Paris - Having cut a dash across the playing fields of Europe as one of the most talented playmakers of his era, Michel Platini has had almost as striking an impact during his four years as UEFA president.
The 55-year-old Frenchman was on Tuesday re-elected unopposed for a second term at the head of European football's governing body.
Initially elected in 2007, he set about implementing a far-reaching programme of reform that tackled corruption, racism and fan violence, as well as the thorny issues of financial irresponsibility and video technology.
Platini's grandest initiative to date, the 'financial fair play' rules, mean that from the 2014-15 season onwards, teams who do not balance their books will face exclusion from the Champions League.
With European clubs currently indebted to the tune of around 1.2 billion euros ($1.7 billion), Platini's vision of a debt-free future has ruffled plenty of feathers at the Old Continent's glamour clubs.
The former France captain has also presided over the democratisation of the Champions League, creating a 'champions path' to make it easier for national champions from Europe's smaller countries to reach the lucrative group phase.
"We had FC Copenhagen in the last 16 this season. We have the little clubs but also more champions, more real champions," Platini told AFP.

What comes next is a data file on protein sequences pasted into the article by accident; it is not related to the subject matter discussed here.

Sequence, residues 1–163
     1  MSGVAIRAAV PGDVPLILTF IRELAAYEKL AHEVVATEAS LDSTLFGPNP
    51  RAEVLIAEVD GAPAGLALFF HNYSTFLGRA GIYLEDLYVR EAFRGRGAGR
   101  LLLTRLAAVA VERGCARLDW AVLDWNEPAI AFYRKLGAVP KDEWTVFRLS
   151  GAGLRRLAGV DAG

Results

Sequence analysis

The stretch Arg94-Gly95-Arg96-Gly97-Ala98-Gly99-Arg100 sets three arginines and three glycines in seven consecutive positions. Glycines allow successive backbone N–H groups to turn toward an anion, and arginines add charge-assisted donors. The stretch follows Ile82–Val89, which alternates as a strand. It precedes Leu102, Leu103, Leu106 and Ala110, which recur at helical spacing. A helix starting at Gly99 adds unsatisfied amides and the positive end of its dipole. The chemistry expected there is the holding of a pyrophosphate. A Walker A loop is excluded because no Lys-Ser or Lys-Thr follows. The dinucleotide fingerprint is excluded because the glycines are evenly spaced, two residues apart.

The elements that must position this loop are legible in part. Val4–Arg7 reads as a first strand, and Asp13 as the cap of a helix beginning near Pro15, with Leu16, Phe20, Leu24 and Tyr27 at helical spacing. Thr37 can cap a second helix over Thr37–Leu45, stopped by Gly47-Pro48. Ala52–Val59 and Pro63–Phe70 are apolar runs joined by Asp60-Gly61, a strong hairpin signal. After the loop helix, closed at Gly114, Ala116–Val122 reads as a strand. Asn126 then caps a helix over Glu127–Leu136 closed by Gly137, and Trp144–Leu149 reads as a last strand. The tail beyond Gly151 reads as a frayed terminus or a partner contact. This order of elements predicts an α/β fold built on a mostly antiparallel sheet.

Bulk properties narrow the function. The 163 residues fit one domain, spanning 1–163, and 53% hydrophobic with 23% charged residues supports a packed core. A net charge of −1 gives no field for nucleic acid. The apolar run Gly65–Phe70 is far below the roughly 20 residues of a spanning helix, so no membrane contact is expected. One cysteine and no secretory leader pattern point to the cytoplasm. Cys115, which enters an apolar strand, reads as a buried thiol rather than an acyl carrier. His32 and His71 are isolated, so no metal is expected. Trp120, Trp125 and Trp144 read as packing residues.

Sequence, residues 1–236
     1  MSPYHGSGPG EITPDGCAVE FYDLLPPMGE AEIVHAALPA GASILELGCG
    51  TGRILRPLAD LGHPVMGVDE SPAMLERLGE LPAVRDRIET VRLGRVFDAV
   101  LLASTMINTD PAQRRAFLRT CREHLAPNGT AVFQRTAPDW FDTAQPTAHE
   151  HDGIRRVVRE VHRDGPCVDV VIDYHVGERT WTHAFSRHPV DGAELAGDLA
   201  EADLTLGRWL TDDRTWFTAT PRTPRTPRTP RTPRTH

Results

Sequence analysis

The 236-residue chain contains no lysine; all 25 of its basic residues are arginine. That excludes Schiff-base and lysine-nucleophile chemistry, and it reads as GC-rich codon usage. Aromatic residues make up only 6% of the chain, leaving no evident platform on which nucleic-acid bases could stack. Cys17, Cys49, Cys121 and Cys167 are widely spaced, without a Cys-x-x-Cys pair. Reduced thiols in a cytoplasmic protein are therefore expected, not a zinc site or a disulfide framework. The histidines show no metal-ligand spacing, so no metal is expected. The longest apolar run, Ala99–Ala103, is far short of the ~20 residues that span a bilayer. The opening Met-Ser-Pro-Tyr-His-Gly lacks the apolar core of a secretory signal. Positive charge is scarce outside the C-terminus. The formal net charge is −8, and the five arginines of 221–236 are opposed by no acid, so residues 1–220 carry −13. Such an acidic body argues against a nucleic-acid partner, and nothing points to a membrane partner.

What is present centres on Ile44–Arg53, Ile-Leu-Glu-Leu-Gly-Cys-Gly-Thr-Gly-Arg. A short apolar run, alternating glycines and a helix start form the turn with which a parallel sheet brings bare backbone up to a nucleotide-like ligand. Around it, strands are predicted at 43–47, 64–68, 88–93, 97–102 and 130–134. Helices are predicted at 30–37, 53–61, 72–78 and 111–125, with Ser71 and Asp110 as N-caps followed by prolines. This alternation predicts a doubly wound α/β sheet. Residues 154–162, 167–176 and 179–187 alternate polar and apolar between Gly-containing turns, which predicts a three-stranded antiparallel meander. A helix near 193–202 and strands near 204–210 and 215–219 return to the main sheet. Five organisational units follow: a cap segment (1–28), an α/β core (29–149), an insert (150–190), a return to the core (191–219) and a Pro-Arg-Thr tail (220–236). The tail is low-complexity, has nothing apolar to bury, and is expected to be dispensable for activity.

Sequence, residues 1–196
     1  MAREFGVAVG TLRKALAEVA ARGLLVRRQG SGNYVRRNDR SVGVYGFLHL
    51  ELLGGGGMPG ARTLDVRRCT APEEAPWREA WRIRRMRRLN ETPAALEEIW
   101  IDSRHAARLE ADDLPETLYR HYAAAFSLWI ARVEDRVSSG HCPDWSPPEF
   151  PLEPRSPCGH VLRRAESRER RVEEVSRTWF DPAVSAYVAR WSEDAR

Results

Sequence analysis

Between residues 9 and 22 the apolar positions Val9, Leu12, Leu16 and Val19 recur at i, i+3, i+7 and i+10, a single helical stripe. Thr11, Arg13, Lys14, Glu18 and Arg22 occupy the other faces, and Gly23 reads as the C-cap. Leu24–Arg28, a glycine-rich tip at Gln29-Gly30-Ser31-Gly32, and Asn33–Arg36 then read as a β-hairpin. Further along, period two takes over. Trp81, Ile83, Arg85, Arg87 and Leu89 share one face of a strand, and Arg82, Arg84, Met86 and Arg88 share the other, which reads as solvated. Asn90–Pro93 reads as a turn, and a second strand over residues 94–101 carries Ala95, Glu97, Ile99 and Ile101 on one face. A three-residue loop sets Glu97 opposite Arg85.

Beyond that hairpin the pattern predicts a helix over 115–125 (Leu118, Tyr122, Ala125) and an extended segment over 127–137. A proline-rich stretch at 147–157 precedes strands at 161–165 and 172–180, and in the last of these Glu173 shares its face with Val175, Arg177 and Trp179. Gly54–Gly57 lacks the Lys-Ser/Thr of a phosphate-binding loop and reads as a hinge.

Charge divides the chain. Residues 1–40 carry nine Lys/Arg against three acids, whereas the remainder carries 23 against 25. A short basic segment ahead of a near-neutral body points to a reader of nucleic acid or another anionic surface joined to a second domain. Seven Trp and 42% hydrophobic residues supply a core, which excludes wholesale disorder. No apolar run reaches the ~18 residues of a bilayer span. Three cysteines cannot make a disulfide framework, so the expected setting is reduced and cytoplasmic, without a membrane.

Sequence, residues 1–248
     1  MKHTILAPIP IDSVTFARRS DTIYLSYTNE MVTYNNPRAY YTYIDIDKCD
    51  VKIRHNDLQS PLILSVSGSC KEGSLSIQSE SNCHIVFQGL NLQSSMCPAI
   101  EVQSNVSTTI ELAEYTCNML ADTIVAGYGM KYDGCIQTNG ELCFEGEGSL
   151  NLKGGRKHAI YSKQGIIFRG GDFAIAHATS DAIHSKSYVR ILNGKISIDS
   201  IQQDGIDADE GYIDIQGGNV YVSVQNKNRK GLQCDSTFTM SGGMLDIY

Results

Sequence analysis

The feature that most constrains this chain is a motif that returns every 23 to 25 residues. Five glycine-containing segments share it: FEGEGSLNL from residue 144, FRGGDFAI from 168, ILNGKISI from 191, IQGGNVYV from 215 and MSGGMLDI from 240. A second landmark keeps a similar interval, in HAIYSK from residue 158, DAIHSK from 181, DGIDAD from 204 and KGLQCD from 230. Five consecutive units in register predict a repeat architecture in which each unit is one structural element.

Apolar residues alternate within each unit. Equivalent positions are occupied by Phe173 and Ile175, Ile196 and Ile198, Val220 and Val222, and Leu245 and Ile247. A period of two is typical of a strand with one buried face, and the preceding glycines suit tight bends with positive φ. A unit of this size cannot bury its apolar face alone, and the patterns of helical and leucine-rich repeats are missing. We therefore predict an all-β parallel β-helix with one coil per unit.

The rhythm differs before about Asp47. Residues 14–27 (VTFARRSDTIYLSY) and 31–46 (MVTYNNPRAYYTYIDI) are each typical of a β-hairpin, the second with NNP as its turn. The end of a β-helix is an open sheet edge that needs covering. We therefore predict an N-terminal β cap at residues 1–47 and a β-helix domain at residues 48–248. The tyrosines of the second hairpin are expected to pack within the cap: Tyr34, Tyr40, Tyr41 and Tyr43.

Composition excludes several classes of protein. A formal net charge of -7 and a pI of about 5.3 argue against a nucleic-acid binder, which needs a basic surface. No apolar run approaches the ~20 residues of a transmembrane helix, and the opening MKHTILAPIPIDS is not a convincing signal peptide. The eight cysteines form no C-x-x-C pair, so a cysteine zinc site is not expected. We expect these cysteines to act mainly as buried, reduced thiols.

"The fact the little clubs don't have money doesn't mean they don't have the right to play in the Champions League."
A virulent opponent of video technology, Platini has backed the introduction of two extra officials behind each goal and is keen to see the initiative escalated to the next World Cup, in Brazil in 2014.
Even before his assault on the prevailing status quo in the European game, Platini had done enough on the pitch to engrave his name in international football folklore.
Born in 1955, the grandson of Italian immigrants, he made his name at Nancy before joining Saint-Etienne in 1979.
Blessed with magnificent technique, balance and a burning will to win, Platini's calling cards were his eye for a defence-splitting pass and an unerring accuracy from free-kicks.
Three years later he arrived at Italian giants Juventus for a sparkling five-year stint that saw him named European Footballer of the Year for three years in a row between 1983 and 1985.
The swashbuckling heart of France's famous 'Magic Square' midfield -- alongside Alain Giresse, Luis Fernandez and Jean Tigana -- Platini typified the swagger and guile of the great French side of the mid-1980s.
He scored a tournament record nine goals, from midfield, as France won the 1984 European Championship on home soil and was the inspiration as Les Bleus reached the semi-finals at both the 1982 and 1986 World Cups.
Retiring with 72 caps and 41 goals to his name, Platini had an ultimately unsuccessful spell as national coach from 1988 to 1992 before redeeming himself by helping to organise the 1998 World Cup, in which hosts France triumphed.
He narrowly squeezed into the UEFA hotseat in January 2007, edging the incumbent Lennart Johansson by 27 votes to 23, and has developed a reputation as an outspoken but doggedly idealistic administrator.
"The weight of responsibility is protecting the game. For me, football is only a game," he says.
"As long as we keep the game, with its passion, we will have won."
Recently tipped by Pele to succeed Sepp Blatter as head of world governing body FIFA, Platini would be the first to respond that his European revolution is not over just yet.